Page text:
Thursday, March 3, 2011

Top Ten Movie Theater Experiences #3: “Lawrence of Arabia” (1962)

This is probably the best film on the list. It got the Academy Award for Best Picture the year it came out. But I didn’t see it the year it came out. I saw it in re-release when I was in the 4th grade. I think it I saw it at the Coddingtown Cinema in Santa Rosa. I liked it, but had a hard time following the plot. This could because I was in the 4th grade. It could also be because in re-release an hour had been hacked out of its nearly four hour length. This was not a top movie theater experience.
The next time I saw the film was in 1989 in Minneapolis, Minnesota. The film had been carefully restored to David Lean’s original vision. (But not fully restored. Some footage appears to be forever lost, and other segments needed to be dubbed because the original sound track was lost.)
Mindy and I went to see the film in 70 mm, a huge picture on a huge screen. And that is how this film is meant to be seen. The story of a passionate, perhaps mad, Englishman who entered the world of the Arabian desert is perhaps the greatest epic ever made (step aside “Gone With the Wind”.) There is a scene in the film where Sherif Ali (Omar Sherif) thinks T. E. Lawrence (Peter O’Toole) is lost in the desert and may never return. But then he (and we) sees a tiny speck on the horizon through the sand billowing in the desert wind. That speck becomes a man…Lawrence. That scene does not have the same impact in 35 mm on a smaller screen, let alone on a television screen (even a home theater.)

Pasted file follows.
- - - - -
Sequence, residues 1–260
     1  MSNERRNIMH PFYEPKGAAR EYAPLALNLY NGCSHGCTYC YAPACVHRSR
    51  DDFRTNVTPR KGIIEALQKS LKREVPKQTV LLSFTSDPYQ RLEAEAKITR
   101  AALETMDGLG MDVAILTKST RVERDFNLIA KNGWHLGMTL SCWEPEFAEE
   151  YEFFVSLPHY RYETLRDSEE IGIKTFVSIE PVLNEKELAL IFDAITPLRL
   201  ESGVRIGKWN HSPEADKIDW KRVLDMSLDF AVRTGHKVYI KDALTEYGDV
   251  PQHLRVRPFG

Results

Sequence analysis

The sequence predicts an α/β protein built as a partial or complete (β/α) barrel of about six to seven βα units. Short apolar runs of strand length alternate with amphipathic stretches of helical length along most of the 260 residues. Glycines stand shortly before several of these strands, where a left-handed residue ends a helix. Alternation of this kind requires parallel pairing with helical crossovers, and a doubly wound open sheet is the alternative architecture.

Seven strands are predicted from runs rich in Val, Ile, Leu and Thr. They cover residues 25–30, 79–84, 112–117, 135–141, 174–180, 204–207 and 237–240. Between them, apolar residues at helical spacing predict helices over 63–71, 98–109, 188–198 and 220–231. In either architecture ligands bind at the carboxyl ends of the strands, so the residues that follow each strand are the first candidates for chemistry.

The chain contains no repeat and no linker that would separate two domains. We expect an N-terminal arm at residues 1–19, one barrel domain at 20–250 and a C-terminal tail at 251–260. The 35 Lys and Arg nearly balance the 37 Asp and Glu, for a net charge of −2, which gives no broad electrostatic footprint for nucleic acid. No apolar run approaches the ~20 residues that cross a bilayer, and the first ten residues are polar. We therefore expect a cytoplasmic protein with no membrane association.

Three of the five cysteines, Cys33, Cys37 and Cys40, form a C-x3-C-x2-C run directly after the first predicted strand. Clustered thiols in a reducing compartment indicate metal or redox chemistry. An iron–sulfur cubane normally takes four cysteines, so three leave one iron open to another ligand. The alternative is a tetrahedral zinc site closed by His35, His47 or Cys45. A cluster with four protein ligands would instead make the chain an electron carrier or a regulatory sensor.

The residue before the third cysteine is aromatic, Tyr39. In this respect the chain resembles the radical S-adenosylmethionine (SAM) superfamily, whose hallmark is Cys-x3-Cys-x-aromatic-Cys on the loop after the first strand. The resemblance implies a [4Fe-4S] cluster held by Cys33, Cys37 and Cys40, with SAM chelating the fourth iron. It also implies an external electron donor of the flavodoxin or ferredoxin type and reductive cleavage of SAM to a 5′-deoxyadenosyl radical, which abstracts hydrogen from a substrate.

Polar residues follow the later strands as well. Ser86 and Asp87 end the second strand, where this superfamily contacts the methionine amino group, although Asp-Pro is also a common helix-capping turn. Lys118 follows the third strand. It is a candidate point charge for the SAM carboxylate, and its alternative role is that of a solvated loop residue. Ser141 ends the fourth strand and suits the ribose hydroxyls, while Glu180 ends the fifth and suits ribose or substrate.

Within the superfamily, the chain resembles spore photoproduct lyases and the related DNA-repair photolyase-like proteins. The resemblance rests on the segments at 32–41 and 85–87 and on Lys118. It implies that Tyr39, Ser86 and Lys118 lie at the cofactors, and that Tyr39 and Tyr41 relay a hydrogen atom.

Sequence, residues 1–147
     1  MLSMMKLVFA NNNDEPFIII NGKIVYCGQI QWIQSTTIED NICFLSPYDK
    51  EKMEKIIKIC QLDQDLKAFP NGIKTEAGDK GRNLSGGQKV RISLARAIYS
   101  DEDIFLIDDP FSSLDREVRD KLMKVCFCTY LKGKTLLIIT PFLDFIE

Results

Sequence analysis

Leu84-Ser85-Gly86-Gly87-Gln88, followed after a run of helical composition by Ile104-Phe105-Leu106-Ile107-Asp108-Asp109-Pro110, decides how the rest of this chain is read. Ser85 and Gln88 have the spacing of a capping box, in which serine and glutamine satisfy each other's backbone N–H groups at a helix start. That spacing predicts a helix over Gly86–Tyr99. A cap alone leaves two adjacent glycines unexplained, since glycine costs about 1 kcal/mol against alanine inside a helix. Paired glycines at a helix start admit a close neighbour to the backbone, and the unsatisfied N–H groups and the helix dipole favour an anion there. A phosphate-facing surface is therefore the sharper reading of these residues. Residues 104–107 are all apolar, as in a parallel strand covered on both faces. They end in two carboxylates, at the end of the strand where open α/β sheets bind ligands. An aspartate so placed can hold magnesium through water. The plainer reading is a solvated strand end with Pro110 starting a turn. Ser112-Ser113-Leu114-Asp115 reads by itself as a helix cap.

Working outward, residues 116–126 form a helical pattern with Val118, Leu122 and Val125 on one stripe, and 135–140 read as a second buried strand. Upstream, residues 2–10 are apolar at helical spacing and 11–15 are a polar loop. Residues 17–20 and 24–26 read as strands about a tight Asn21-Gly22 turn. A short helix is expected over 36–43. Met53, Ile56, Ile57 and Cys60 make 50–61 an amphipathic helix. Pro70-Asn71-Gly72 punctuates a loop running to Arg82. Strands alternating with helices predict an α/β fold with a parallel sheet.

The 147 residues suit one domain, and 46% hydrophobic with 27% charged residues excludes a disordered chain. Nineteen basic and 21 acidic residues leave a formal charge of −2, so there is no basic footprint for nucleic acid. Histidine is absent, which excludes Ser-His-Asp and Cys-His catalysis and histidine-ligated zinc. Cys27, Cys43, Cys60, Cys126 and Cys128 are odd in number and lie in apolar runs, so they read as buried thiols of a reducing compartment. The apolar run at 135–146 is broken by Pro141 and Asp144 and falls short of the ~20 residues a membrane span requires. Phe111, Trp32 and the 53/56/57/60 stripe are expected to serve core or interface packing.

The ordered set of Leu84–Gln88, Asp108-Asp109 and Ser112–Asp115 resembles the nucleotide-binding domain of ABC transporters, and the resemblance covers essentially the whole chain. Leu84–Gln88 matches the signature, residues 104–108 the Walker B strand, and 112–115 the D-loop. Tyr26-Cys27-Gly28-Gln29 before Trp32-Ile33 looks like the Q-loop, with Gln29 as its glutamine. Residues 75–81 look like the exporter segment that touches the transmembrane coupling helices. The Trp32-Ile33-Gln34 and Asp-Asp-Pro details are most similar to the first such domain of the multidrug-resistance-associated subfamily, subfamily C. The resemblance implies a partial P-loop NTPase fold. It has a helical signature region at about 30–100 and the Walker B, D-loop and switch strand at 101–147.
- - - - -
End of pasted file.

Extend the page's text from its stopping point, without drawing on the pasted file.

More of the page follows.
That was a wonderful night, but it was still not the best.
An even better experience, #3 on this list was when I could take my kids to see “Lawrence” in 70 mm at the Castro Theater in San Francisco. It is a true cinema palace, with art deco interior and an organ that plays before the show. The huge theater was full the night we went. It was amusing to hear the audience laugh knowingly when the dialogue referred to the foolishness of Western nations interfering in the Middle East (this was not long after the start of the second Iraq war.)
We watched up in the balcony. During intermission, the projectionist let the kids into the booth to look around.
But the best thing was being able to share with my kids the glory of Lean’s beautiful vistas, O’Toole’s impassioned performance and a story from history told with humor, majesty and mystery. One of the most lovely images in cinema is Lawrence spinning in the sand in his first native robe.
I’ve taken the kids to other films at the Castro (the original “King Kong” and “Blade Runner”), but this was a truly memorable night.

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